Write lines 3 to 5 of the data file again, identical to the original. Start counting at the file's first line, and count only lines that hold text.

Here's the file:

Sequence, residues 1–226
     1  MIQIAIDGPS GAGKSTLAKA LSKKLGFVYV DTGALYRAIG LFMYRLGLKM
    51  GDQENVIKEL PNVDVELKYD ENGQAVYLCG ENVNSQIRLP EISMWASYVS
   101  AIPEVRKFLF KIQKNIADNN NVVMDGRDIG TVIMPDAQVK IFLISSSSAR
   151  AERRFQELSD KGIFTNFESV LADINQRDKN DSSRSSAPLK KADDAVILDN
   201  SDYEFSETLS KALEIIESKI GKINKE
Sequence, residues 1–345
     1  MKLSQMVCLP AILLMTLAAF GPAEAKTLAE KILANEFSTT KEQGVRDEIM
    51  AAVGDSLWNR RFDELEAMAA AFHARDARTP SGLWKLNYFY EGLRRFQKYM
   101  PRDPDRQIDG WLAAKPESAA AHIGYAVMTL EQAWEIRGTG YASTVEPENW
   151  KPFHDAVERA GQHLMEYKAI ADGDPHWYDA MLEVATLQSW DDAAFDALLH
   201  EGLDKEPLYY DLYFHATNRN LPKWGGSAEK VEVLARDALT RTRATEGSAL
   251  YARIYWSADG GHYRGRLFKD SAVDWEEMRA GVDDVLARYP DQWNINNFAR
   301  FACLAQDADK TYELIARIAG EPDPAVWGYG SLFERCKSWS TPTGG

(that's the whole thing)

    51  GDQENVIKEL PNVDVELKYD ENGQAVYLCG ENVNSQIRLP EISMWASYVS
   101  AIPEVRKFLF KIQKNIADNN NVVMDGRDIG TVIMPDAQVK IFLISSSSAR
   151  AERRFQELSD KGIFTNFESV LADINQRDKN DSSRSSAPLK KADDAVILDN